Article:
It never hurts to search: Best practices for web searching

Hi cybercougs! Are you all done with holiday decorations? It turns out that today is the Look for an Evergreen Day which means it is about the last opportunity you have to ensure you have a tree for holidays. But the true reason is that the National Arborist Association wanted to create a day to appreciate the beauty of evergreens. I found out about it just now, when I googled the day in hopes of learning something special about it.

Yuliya Gerasimova, 
WSU Global Campus Virtual Mentor 
My point is that our current technology offers us a wealth of information. We can learn practically anything if we just take the time to search for it by using best practices: inputting the correct terms, tweaking our search, and checking the credibility of the sources we find. You can also include punctuation marks and special characters to further refine your search, as discussed in this sheet from Google. For academic sources, the best options are WSU Libraries “Search It” or Google Scholar connected to WSU, as they have access to most academic resources both online and at other libraries.

Thinking back to my college years, I found the internet searches to be a huge help. This is how I learned about Washington State University in the first place, after my life took a turn and I found out my family would be relocating. Research allowed me to troubleshoot issues I stumbled across as a student that I didn’t know how to solve. One issue was accessing library resources through a VPN tunnel. Back in the day, this process required manually installing the VPN certificate and configuring a VPN tunnel through Network Connections settings. I experienced some major issues trying to get it to work, and I had to dig up all the tips I could find to get it up and running. I also contacted WSU Tech Support, but they didn’t have a clear-cut solution to my problem at the time. So, I hope you get my point: conducting searches for your questions can help! Do not hesitate to ask for help if you need it. Ask your search engine, or ask your instructors. Or, better yet: Ask your Virtual Mentor in the VM discussion board in your course space. Typically, someone else is having the same struggles as you are, so ask away!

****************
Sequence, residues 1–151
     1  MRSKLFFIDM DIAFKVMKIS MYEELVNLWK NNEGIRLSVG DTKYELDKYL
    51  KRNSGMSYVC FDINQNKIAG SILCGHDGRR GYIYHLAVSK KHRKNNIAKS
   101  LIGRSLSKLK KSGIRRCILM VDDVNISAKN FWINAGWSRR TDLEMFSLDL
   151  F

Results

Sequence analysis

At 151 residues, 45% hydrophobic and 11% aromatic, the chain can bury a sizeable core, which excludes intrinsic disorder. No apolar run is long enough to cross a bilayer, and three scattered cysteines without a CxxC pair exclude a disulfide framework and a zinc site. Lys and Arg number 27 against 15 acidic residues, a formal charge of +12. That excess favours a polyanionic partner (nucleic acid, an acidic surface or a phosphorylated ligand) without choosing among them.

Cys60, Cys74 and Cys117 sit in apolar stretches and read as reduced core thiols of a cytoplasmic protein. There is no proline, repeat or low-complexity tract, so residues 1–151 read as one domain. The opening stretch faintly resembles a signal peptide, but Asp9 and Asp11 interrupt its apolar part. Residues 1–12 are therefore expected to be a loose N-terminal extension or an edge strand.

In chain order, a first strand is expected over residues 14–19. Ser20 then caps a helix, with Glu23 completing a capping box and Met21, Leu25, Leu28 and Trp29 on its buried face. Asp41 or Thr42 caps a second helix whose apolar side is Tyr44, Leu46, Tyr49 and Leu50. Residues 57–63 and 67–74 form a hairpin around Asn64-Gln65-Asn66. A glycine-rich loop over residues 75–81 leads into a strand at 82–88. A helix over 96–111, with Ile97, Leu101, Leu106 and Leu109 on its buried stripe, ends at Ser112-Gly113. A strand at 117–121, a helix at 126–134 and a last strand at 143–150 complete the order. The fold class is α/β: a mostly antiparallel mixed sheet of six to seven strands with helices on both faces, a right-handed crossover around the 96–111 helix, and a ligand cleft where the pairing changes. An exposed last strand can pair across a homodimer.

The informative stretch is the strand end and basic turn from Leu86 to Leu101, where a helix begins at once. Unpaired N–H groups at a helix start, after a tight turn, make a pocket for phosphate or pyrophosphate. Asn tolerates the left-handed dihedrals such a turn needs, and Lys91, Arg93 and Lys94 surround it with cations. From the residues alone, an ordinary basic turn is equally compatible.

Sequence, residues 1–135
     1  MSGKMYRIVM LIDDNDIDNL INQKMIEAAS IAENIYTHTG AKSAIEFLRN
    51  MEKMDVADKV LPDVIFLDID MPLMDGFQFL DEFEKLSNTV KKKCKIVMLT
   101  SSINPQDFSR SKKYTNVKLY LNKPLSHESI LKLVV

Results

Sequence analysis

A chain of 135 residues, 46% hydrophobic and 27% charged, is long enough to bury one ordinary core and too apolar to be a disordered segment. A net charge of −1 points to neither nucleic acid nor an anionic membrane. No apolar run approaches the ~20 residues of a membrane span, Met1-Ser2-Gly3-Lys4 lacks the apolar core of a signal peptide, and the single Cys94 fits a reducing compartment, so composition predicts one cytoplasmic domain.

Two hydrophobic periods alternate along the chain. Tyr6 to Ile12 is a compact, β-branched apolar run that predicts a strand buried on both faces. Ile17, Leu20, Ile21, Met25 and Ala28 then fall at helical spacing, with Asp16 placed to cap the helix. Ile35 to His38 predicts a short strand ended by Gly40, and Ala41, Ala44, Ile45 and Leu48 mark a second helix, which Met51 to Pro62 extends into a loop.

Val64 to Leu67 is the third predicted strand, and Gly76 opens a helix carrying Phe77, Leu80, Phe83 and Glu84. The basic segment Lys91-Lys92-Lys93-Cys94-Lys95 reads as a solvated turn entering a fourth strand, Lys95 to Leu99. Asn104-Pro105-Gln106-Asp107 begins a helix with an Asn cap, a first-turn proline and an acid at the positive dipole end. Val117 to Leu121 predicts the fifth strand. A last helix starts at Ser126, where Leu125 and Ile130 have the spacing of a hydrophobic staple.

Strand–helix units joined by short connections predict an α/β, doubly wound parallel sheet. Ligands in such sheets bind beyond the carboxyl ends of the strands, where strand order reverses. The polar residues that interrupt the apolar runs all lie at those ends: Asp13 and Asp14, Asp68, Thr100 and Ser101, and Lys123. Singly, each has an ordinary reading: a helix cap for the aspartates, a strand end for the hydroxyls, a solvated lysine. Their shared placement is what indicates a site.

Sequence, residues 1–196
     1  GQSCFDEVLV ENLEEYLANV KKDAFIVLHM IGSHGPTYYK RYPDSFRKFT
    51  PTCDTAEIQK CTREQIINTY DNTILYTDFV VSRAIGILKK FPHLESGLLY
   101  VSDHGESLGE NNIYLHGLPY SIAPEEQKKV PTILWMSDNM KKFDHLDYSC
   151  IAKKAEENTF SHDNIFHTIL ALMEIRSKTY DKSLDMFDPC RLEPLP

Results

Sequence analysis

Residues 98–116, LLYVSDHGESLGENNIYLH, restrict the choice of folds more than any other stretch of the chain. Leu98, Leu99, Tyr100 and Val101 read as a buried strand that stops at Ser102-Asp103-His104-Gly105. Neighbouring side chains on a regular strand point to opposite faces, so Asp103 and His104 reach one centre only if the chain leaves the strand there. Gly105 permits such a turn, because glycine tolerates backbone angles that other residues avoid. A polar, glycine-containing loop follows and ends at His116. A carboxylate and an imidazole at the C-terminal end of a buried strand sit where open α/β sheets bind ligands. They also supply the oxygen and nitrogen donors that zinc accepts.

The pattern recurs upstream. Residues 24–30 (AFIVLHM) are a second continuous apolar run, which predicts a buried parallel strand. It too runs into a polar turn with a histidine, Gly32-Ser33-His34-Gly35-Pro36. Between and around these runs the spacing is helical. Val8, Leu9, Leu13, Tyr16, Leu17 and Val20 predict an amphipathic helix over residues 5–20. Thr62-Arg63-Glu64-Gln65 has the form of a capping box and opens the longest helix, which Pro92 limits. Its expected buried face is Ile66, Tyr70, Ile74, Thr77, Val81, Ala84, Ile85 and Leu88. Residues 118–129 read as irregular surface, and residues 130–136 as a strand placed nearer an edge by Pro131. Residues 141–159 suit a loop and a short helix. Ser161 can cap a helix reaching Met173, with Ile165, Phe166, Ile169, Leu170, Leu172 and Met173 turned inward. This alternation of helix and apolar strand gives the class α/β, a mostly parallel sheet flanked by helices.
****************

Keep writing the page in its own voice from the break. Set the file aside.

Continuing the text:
I have been a Virtual Mentor for nearly 8 years now. I started back in 2010 after I graduated from WSU Global Campus with a Bachelor’s in Social Sciences, and completed a VM workshop. I also work as a transcriptionist by converting video lectures and general notes into PDFs for disability access purposes at universities.

Of course, I’m a fan of students asking questions because I happen to be on the team sitting behind the screen, watching for problems you might have so I can do my best to help you resolve them. So, if you are having trouble getting your media to work, or finding the correct resource cited in lectures, or if you have second thoughts about a suspicious email allegedly from the WSU Help Desk, don’t hesitate to ask your VM! As your Virtual Mentors, we will do our best to help you resolve any navigational or technical issues that might impede your success as an online student!

Rooting for your success!
Yuliya, VM